There is a definite shift to quality which will benefit the sector. “The institutional capital we work with is targeting best-in-class operators,” said Miles. “Reputational risk is a real concern in this sector so operational excellence is a pre-requisite and it’s pushing out the lower part of the market and pulling quality standards up.”

The focus on ESG is improving the quality of real estate and of the operational side as well. “There’s an increasing differentiation in the market between buildings and between players, whether they are ESG-compliant or not,” said Charles-Antoine van Aelst, chief investment officer at Aedifica. “Over time there’ll be a benefit on the valuation side as well. But it’s already a win-win situation”.

‘You really need local expertise and a good relationship with operators because regulations vary so much from country to country.’

Sabine Geuss, Principal Real Estate Europe

Stricter regulations and the lessons learnt during the pandemic are leading to improvements and upgrades which are positive for residents as well as staff.

“The operational side has been suffering and it will take time to recover from several waves of Covid-19 that had dramatic consequences,” said Benjamin Cabanes, director real estate, at Korian. “But we’ve been improving our portfolio to make it easier to recruit staff. We need to be more attractive as an employer, so we are investing massively in human resources and in our buildings.”

Recruiting staff has become a problem for the sector. Companies like Korian are looking abroad but also targeting the young with apprenticeships and improving working conditions for everyone.

“Technology helps in many ways, but dealing with elderly people is a people business, it really needs human interaction, which is why the availability of qualified staff is such a critical issue,” said Schmidt. “It has become the biggest challenge for the sector.”

Aedifica goes for growth and diversification

Growth and diversification are the keywords for Aedifica, one of Europe’s pioneers in the senior housing and healthcare sector. The pure play healthcare REIT started in 2006 as a small player in Belgium, but is now active in seven countries.

“Good partnerships have been the key to our expansion,” Aedifica’s chief investment officer, Charles-Antoine van Aelst, told Real Asset Impact. “We’ve followed our operating partners and we’ve become more international.”

The group has a €855 million development pipeline to build new assets and to refurbish and future-proof existing buildings and its strategy is to accelerate growth across Europe based on development and acquisitions.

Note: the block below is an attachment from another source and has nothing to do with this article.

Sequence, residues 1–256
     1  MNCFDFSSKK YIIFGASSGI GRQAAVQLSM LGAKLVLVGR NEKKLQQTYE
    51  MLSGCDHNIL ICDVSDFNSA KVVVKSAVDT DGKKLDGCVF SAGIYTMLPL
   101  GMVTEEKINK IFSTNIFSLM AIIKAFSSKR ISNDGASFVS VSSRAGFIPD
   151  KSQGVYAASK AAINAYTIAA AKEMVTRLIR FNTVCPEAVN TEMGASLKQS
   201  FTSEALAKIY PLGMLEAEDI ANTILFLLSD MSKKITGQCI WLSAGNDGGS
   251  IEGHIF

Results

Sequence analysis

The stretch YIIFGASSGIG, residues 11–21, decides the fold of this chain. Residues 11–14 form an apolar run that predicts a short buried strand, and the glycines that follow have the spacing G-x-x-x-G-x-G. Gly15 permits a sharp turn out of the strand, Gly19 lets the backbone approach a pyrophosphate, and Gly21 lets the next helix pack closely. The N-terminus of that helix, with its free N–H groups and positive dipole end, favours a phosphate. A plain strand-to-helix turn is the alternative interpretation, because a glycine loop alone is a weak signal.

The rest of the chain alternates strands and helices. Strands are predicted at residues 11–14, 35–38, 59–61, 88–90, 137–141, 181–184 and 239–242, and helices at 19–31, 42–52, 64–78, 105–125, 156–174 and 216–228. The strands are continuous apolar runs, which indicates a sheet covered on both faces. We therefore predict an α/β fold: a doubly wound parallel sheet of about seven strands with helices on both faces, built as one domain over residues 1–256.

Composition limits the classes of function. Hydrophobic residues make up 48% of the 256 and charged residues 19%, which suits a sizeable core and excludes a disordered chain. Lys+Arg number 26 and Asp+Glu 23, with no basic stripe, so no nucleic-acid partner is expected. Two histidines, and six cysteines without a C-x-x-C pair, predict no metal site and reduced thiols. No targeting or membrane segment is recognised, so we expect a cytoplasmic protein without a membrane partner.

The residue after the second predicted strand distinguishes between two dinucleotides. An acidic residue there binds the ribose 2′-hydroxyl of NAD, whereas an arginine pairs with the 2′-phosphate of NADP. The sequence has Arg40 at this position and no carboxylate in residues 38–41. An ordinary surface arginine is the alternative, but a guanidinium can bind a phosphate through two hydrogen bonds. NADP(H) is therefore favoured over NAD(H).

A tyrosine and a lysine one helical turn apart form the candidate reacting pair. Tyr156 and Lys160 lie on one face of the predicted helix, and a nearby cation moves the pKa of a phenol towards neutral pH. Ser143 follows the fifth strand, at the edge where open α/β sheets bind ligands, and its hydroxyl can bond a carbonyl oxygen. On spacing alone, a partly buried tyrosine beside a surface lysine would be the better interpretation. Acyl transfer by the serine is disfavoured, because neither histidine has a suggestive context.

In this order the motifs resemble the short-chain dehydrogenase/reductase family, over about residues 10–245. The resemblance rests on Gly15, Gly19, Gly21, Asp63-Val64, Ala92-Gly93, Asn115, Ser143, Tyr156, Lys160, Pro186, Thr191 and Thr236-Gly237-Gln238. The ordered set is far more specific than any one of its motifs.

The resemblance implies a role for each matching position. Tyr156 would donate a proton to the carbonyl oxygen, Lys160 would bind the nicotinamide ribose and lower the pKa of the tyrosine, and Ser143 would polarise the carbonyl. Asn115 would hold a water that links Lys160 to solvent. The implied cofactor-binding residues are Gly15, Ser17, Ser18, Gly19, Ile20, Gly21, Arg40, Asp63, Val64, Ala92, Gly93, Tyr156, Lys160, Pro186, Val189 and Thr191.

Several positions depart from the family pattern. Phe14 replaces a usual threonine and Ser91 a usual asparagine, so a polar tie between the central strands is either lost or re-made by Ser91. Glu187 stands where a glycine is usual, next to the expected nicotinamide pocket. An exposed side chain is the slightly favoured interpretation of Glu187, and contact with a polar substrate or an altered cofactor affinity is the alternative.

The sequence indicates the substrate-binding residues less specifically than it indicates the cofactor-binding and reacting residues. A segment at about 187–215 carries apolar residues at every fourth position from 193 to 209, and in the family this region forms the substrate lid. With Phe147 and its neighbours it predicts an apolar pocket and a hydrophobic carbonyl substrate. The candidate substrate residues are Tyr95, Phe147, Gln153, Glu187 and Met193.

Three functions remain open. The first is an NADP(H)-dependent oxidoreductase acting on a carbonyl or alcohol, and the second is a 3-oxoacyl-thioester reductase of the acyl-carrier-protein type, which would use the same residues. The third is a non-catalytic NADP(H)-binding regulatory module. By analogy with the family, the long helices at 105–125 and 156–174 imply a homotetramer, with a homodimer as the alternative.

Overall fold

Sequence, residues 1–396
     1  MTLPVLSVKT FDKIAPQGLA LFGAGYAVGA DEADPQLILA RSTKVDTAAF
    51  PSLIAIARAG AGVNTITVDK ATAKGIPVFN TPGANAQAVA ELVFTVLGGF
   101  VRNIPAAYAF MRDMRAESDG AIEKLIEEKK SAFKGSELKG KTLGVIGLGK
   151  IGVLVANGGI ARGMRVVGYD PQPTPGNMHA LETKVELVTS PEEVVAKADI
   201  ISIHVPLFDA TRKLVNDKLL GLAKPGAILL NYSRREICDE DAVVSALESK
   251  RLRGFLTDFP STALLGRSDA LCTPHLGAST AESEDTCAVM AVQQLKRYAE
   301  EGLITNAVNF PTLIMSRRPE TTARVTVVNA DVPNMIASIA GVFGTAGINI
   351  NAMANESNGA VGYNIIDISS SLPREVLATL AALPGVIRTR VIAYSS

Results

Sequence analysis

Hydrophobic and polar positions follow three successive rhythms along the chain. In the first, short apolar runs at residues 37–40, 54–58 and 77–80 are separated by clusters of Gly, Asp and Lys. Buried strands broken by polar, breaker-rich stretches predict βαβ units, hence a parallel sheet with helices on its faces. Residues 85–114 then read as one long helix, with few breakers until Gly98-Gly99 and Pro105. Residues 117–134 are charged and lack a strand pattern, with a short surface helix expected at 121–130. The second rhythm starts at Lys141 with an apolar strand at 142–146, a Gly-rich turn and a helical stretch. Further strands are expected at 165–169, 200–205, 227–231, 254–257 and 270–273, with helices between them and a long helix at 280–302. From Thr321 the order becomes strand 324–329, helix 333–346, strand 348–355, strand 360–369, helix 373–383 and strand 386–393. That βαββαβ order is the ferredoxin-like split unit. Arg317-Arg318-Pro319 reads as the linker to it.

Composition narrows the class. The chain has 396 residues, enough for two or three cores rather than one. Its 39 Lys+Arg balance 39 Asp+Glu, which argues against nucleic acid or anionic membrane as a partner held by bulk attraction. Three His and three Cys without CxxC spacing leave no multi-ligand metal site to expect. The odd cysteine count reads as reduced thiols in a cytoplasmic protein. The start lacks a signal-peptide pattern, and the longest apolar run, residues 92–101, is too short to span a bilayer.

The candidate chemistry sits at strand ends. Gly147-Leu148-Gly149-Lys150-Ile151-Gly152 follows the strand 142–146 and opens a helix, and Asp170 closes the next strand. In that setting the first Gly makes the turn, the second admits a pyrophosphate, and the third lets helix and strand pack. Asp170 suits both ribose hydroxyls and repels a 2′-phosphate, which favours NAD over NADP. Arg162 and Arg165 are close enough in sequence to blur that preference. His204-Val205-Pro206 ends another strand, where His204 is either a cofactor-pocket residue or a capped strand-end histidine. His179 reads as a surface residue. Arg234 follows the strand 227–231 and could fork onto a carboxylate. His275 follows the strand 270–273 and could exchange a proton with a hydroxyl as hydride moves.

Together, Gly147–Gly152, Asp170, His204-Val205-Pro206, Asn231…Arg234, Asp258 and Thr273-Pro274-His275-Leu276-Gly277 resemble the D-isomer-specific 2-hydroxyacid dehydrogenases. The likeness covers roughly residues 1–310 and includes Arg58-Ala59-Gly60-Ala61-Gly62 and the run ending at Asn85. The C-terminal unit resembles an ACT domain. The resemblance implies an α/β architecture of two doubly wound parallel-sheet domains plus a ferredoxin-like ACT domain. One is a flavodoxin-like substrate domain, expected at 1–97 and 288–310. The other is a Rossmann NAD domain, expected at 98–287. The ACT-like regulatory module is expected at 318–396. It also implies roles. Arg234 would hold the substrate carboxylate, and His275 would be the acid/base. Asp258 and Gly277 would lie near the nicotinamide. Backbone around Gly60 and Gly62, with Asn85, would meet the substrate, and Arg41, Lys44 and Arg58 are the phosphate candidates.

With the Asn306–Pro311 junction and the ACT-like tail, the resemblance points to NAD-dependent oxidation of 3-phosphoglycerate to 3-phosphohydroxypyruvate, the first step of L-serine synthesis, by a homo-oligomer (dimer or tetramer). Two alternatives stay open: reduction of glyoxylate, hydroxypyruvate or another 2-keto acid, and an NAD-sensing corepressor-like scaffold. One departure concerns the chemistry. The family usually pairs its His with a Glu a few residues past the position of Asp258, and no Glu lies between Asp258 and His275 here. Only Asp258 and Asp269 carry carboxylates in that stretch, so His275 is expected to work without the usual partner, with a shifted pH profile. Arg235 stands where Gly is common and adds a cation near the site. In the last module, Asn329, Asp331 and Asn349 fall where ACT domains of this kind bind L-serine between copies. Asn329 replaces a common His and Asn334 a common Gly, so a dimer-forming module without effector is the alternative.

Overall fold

“We have an M&A strategy,” says van Aelst. “In the UK we did a large portfolio acquisition and in the Nordics we bought a big local player. Now Germany has overtaken Belgium as our biggest market, which makes sense given the size and potential of the market.”

New asset classes

The next step is diversification within healthcare and beyond. “We already have a presence in senior housing, assisted living and specialist care homes but we want to expand to new asset classes like clinics which are not in our portfolio yet,” he says. “We’re also looking at new segments like children’s day care in the Nordics, which is a very interesting market.”

The diversification strategy extends to operators as well. “We continue to cooperate with the big international operators we have grown up with, but we also like to work with local heroes, as we call them, small players with a good track record and knowledge of the local market.”

‘We already have a presence in senior housing, assisted living and specialist care homes but we want to expand to new asset classes like clinics which are not in our portfolio yet.’

Charles-Antoine van Aelst, Aedifica

Aedifica has a portfolio of more than 550 buildings and works with over 100 operating groups. “The main drivers of future expansion will be demographics, of course, the potential for consolidation of the market and the healthcare financing system,” says van Aelst. “There are also local specificities to take into account. There’s a lot of potential in Southern Europe, for example, but the financing of the system is less clear.”

The main issues in the market are increasing competition from both investors and operators, continuing yield compression, inflation and the interest rate outlook, he adds. Sustainability and energy efficiency are also hot topics, along with a discussion on shorter leases and on the adaptability of buildings, which has come to the fore during the pandemic when the demand for single rooms shot up.

The market is growing and still offers great opportunities. “The main feature of healthcare is the strong lease terms, it’s all about long-term sustainability rather than quick profits,” says van Aelst.